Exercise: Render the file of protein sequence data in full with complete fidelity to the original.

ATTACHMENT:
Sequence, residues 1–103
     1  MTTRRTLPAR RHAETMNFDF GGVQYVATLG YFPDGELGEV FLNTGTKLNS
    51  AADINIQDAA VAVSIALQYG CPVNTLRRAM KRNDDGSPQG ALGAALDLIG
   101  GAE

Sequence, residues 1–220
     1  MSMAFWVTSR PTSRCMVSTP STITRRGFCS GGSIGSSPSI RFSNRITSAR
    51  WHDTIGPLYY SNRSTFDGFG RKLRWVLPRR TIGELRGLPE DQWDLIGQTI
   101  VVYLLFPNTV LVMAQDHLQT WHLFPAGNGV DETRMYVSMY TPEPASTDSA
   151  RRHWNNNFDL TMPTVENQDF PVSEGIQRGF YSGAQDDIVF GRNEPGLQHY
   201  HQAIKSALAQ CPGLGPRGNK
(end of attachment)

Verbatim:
Sequence, residues 1–103
     1  MTTRRTLPAR RHAETMNFDF GGVQYVATLG YFPDGELGEV FLNTGTKLNS
    51  AADINIQDAA VAVSIALQYG CPVNTLRRAM KRNDDGSPQG ALGAALDLIG
   101  GAE

Sequence, residues 1–220
     1  MSMAFWVTSR PTSRCMVSTP STITRRGFCS GGSIGSSPSI RFSNRITSAR
    51  WHDTIGPLYY SNRSTFDGFG RKLRWVLPRR TIGELRGLPE DQWDLIGQTI
   101  VVYLLFPNTV LVMAQDHLQT WHLFPAGNGV DETRMYVSMY TPEPASTDSA
   151  RRHWNNNFDL TMPTVENQDF PVSEGIQRGF YSGAQDDIVF GRNEPGLQHY
   201  HQAIKSALAQ CPGLGPRGNK